What Do You Do For Your Band?
December 15, 2010
Derek Miller in Band, collaboration, contribution, irreplaceable, musician, value

Besides your instrument. Any musician can do that. What makes you irreplaceable in your band?

This is important.

Music is a highly competitive industry, and it’s no secret band lineups change all the time. Unless you happen to be a prophet of the guitar like Hendrix, being “good” isn’t enough to ensure you stay in a band. Youtube practicly has a dedicated channel called “12 Year Olds Who Are Better At Your Instrument Than You Will Ever Be”. A Total musician, the kind of person you always want in your band, contributes something that can’t be replaced by someone who can read guitar tabs.

What would qualify as something making you more valuable to the band?

   -Writing the entire story behind a 4-album sequence. Would Coheed & Cambria have existed if the story writer left?

   -Being a master promoter. Do you run the merch booth like a boss and have a knack for getting people excited about your music? That’s magic, baby.

   -Managing inventory and planning all the shows for the band.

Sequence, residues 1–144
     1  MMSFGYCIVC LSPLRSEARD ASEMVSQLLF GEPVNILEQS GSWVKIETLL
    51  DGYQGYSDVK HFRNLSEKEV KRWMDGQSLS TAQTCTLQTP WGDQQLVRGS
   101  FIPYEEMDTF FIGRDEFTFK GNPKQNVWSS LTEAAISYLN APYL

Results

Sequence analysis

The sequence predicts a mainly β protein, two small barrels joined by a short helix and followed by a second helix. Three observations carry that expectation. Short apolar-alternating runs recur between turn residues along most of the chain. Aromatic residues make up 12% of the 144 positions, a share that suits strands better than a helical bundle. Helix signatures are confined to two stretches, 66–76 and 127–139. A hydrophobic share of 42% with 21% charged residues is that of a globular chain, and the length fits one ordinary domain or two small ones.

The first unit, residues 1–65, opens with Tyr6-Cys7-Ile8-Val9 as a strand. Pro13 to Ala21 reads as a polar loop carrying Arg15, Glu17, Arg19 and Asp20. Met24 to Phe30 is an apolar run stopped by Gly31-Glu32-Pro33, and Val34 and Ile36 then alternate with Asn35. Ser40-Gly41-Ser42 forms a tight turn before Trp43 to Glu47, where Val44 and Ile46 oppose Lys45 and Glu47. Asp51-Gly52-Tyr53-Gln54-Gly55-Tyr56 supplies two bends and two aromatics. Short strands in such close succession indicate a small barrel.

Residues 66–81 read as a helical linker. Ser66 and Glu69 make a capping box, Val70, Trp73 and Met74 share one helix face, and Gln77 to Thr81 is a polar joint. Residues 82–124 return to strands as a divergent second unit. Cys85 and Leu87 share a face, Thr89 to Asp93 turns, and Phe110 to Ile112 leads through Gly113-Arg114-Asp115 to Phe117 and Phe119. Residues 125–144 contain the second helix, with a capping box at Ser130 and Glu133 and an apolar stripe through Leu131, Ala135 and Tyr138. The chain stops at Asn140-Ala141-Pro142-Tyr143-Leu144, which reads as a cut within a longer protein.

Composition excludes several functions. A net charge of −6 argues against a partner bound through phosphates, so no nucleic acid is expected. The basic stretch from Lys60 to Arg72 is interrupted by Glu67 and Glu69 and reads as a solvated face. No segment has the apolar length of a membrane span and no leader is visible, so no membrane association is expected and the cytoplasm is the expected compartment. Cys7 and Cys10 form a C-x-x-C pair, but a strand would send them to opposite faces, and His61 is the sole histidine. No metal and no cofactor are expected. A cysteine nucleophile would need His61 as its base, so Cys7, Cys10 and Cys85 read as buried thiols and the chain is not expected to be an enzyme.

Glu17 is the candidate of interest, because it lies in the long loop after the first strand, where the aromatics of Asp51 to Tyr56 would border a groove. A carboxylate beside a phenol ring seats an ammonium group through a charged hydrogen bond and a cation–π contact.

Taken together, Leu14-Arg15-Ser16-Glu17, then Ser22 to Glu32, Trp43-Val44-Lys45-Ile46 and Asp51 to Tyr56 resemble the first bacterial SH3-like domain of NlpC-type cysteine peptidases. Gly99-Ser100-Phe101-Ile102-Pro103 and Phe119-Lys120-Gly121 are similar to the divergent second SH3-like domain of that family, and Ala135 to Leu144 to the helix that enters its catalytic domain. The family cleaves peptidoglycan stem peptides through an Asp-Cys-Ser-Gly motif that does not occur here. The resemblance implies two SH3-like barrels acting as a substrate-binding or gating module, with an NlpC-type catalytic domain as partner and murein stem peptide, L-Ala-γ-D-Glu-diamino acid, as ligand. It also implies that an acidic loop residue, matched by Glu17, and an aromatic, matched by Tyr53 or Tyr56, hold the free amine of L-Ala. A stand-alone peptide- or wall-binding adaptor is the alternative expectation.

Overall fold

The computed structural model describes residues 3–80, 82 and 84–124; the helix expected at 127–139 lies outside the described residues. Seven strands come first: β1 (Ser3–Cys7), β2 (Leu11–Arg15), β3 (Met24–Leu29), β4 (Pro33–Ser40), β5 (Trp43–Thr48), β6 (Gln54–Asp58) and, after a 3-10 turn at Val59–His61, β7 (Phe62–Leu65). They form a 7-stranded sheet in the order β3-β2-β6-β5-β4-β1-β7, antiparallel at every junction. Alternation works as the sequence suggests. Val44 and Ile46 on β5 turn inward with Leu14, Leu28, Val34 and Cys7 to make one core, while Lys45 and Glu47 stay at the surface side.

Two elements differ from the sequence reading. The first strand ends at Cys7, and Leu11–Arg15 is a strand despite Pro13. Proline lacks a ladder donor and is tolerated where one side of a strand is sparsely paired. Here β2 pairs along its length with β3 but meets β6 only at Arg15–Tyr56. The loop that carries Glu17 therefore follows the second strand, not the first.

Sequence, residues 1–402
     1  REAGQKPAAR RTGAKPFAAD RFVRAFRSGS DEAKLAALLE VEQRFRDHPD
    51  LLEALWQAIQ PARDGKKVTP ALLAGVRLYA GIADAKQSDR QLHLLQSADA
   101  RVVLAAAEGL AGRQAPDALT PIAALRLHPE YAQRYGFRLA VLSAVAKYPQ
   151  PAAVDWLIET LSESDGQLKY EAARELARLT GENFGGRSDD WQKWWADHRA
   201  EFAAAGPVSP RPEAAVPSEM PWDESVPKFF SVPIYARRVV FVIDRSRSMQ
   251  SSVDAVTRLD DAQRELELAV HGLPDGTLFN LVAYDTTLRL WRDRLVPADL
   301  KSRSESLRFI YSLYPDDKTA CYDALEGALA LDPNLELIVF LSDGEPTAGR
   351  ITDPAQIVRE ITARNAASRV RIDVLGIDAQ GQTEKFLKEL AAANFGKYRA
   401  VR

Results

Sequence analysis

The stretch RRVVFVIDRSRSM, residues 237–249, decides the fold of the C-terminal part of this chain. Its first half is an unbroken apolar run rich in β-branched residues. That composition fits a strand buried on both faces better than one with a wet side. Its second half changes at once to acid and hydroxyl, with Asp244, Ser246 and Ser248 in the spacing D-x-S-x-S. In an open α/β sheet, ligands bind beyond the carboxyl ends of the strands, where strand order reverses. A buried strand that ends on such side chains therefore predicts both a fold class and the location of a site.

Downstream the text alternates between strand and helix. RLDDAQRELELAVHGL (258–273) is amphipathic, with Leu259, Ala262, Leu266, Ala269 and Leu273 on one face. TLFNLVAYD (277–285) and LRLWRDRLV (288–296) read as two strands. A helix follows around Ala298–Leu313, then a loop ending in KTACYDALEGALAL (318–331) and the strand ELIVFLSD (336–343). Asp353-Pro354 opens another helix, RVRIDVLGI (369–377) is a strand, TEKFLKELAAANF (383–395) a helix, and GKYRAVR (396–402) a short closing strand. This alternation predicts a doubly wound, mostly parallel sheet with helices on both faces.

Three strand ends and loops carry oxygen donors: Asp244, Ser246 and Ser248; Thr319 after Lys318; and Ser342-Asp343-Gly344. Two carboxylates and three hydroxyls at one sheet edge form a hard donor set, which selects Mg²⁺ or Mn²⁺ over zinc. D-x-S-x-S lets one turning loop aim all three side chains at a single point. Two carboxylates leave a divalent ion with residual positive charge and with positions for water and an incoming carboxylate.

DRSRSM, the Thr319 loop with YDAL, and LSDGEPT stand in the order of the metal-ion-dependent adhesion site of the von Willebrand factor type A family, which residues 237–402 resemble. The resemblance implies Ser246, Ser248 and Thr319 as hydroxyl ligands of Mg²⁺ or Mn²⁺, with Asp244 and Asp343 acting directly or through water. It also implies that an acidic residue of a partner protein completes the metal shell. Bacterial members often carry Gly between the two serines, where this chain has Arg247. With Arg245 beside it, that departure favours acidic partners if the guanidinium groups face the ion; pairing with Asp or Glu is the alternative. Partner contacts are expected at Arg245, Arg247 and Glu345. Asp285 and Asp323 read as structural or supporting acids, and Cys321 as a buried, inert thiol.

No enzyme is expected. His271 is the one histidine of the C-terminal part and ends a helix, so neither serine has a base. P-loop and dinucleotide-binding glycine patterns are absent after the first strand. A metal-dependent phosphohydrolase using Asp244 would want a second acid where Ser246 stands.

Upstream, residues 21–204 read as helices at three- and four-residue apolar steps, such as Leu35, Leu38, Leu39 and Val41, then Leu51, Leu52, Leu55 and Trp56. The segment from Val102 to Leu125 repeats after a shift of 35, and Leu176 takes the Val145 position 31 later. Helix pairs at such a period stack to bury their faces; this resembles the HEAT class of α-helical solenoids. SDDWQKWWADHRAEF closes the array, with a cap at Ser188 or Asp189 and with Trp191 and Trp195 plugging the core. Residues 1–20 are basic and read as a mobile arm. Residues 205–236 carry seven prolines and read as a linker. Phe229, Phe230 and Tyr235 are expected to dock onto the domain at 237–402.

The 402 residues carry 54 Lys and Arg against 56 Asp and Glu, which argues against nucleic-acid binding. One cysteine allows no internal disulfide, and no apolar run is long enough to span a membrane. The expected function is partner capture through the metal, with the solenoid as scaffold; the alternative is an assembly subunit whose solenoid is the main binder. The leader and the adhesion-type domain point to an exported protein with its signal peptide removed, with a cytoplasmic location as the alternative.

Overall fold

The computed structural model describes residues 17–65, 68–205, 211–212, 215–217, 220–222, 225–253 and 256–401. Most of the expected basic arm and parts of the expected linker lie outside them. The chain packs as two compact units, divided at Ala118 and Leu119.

-Doing all the graphic design and website building for the band.

   -Recording good to great demos all yourself at the band practice space.

   -Knowing boatloads more about business/money than the rest of the band.

   -Repairing all the band’s instruments.

   -Illustrating all the band’s merch, posters, and albums.

All of these things are more difficult to replace than simply “doing your job” on your instrument. Skills like these add value to both the band and yourself. The more business your band can do in-house, the less time and money you need to spend on outside help, allowing you to spend money on the really important things.

The best way to ensure your stability is to be invaluable.


Derek Miller is an MBA currently working on a book about guitar building. His band Onward We March is releasing their upcoming EP The Golden Vine January 28th.

Article originally appeared on Music Think Tank (http://www.musicthinktank.com/).
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